6. Employees who are laid off during a week in which a holiday falls will not be required to be in a paid status the day before and the day after the holiday in order to receive holiday pay. However, employees cannot count a paid holiday as one of their layoff days.

7. No additional vacation requests will be granted for the lay off periods within this union.

In October 2003, the County provided to the Union leadership a document (Employer Exhibit 2) listing approximately 150 names in two columns, in no discernible order other than a notation at the top of the respective columns that one was the list of employees to be laid off the week of October 13, the other the list of employees to be laid off for five days between December 22 and December 30. The list was not in alphabetical order, and did not include any designation as to position or unit. The list did not note that some HSD employees were in

Page 5

MA-19649

each column, some were in only one, and that some ­ Applin and Christman -- were not included at all.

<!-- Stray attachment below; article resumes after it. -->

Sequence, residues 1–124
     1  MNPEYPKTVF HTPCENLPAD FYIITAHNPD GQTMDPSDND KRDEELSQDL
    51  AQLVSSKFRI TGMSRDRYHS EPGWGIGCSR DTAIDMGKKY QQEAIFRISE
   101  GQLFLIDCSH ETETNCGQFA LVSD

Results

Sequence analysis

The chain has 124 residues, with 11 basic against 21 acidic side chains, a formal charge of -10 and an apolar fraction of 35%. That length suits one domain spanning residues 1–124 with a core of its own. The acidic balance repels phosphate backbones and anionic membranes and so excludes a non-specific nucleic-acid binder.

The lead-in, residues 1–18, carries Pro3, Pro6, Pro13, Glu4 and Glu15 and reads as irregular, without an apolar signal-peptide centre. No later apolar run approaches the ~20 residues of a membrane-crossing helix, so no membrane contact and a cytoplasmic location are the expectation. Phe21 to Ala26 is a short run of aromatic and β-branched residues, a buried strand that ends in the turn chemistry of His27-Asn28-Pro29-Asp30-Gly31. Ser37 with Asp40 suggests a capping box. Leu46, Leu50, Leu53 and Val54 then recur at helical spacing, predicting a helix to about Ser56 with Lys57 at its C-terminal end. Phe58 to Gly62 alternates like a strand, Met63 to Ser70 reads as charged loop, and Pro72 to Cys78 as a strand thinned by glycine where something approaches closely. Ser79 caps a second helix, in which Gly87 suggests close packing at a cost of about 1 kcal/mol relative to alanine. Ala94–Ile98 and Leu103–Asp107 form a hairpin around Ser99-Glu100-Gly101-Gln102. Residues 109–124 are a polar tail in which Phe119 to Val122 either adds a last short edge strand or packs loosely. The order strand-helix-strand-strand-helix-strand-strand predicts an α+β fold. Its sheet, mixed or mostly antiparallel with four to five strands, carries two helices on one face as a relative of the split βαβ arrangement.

At no time prior to the layoffs did the County evaluate whether any of the six clerks who were laid off were capable of performing the duties of the Detention Center clerks.

On January 6, 2004, the six clerks who were senior to Christman filed a timely grievance, claiming the County violated Section 5.02 of the collective bargaining agreement by not following seniority within organizational units in implementing the layoffs.

On February 2, 2004, County Special Counsel Victor J. Long responded to the grievance as follows:

The Union is grieving that two clerical employees in the Detention Center were not laid off for one week in 2003 as was required for other employees.

Management responds that the Detention Center was to be excluded from the one-week layoffs because of the necessity of maintaining appropriate staffing levels. The clerical employees were included in that exception. In reviewing the Union arguments, management recognizes that there may be a valid case that these employees should have been laid off. However, management also feels that there is some responsibility for the Union for not pointing out this issue when they received the layoff lists in October, 2003. While management may agree that these two employees should have taken the one-week layoff in 2003, it is not appropriate to force them to comply in 2004.